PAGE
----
As Allied and Axis forces built up in Tunisia, 18th Army Group HQ was formed in February 1943 under General Sir Harold Alexander to control all Allied forces in Tunisia. Alexander wanted to replace Anderson with Lieutenant General Sir Oliver Leese, GOC XXX Corps of Montgomery's Eighth Army, and Montgomery felt that Leese was ready for such a promotion, writing on 17 March 1943 to Alexander "your wire re Oliver Leese. He has been through a very thorough training here and has learned his stuff well. I think he is quite fit to take command of First Army." Alexander later changed his mind, writing to Montgomery on 29 March that "I have considered the whole situation very carefully – I don't want to upset things at this stage." Anderson managed to hold on to his position and performed well after V Corps, under Lieutenant-General Charles Allfrey, held off the last Axis attack during Operation Ochsenkopf. In May 1943 he secured his position further when Allied forces achieved victory and the unconditional surrender of the Axis forces, 125,000 of whom were German. General Eisenhower, his superior officer, had stated after observing Anderson in action that he "studied the written word until he practically burns through the paper" but later wrote of him that he was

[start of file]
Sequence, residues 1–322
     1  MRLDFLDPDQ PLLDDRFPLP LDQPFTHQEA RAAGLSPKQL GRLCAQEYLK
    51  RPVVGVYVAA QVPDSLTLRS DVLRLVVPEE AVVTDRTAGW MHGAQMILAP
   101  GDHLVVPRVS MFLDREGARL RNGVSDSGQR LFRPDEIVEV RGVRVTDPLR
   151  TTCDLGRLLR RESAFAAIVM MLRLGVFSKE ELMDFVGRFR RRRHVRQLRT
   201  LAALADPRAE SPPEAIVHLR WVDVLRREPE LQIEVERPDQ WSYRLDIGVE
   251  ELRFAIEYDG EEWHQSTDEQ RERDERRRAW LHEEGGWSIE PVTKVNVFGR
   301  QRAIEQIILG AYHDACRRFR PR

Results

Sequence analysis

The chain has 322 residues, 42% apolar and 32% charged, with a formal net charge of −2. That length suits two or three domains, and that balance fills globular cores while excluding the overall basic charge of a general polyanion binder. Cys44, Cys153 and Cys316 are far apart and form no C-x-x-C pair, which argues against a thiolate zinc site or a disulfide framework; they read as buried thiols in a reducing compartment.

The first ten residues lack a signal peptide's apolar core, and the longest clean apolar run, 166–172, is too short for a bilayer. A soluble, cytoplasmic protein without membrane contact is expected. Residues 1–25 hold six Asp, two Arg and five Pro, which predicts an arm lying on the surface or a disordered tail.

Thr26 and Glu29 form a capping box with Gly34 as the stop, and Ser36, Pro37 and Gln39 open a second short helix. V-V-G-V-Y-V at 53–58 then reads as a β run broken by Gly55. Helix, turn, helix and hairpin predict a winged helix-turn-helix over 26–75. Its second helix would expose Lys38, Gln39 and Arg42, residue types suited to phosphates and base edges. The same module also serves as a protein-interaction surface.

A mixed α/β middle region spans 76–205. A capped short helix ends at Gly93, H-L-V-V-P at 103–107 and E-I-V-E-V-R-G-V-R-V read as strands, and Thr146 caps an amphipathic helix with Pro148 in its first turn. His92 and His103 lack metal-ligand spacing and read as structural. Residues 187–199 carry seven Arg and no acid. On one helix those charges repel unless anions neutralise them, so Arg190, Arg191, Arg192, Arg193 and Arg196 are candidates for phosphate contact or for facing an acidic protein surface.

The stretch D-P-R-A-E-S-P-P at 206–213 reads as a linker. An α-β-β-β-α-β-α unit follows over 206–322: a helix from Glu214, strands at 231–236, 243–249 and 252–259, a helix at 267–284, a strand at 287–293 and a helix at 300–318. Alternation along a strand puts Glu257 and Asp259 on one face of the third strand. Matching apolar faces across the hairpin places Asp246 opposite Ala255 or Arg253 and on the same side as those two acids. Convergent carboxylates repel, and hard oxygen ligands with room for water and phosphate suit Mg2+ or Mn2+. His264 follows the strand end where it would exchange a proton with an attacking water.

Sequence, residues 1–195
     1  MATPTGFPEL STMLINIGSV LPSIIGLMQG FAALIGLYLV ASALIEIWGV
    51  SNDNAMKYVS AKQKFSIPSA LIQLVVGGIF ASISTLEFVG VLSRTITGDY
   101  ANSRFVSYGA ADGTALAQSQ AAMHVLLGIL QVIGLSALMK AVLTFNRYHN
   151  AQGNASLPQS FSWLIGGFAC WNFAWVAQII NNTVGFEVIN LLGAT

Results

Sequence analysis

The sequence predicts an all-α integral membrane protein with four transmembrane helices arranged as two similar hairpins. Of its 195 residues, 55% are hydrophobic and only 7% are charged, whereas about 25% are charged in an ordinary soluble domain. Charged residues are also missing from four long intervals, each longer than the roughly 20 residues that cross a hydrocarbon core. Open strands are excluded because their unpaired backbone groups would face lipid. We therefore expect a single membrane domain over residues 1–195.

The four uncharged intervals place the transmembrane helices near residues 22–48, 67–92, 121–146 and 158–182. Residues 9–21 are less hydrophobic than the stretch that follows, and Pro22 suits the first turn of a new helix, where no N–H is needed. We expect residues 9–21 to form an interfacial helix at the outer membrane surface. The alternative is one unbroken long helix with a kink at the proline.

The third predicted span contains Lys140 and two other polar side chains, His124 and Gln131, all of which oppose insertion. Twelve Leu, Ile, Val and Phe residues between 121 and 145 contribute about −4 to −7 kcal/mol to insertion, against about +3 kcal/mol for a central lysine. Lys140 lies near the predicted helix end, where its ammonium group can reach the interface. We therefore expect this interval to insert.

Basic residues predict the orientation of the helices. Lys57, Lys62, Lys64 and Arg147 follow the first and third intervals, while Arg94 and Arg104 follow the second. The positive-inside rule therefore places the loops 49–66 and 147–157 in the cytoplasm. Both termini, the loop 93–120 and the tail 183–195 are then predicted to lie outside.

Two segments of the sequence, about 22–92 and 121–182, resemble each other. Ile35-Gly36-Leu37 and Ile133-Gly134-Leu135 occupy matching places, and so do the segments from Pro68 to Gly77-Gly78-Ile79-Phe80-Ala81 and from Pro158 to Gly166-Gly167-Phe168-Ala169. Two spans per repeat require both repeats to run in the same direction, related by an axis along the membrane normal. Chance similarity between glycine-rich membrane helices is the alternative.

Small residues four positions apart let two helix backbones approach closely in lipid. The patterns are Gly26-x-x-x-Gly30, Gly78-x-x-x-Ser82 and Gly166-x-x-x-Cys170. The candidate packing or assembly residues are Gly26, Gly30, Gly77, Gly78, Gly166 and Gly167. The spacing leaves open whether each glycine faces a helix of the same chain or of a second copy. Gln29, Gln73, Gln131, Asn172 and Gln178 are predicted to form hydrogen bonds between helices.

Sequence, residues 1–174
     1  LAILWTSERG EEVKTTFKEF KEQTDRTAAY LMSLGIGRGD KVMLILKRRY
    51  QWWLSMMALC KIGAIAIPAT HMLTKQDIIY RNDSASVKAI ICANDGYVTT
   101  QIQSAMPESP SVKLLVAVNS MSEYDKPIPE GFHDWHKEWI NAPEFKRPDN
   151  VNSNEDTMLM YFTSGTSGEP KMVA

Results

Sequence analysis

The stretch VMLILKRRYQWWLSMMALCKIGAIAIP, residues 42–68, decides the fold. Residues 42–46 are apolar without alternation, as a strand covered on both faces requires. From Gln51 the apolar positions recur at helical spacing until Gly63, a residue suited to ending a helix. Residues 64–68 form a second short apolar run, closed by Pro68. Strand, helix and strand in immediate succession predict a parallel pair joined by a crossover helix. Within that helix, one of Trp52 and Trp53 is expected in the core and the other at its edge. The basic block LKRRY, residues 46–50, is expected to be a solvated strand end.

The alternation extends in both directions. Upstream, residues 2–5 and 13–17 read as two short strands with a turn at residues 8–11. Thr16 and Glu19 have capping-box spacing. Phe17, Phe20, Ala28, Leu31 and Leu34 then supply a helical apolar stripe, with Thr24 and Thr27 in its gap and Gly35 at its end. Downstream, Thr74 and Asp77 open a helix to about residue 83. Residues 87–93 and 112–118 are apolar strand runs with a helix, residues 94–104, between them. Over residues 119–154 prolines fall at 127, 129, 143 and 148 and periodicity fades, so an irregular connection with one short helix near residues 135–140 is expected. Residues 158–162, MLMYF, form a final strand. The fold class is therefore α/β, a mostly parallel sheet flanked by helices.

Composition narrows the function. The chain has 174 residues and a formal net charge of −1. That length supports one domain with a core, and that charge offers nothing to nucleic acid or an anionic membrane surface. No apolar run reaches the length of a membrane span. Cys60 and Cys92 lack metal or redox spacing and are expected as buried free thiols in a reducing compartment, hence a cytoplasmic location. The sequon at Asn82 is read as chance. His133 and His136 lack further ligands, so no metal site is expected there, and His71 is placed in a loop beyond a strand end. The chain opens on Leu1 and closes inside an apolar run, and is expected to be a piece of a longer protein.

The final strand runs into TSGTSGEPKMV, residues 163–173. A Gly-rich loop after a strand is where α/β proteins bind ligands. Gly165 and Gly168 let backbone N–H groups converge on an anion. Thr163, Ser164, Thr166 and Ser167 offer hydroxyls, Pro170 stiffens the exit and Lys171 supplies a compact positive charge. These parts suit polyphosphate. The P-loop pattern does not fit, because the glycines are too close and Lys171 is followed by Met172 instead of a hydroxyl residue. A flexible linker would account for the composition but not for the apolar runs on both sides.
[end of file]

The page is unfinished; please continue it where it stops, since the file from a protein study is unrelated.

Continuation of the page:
...a gallant Scot, devoted to duty and absolutely selfless. Honest and straightforward, he was blunt, at times to the point of rudeness, and this trait, curiously enough, seemed to bring him into conflict with his British confreres more than it did with Americans. His real difficulty was shyness. He was not a popular type, but I had a real respect for his fighting heart. Even his most severe critic must find it difficult to discount the smashing victory he finally attained in Tunisia.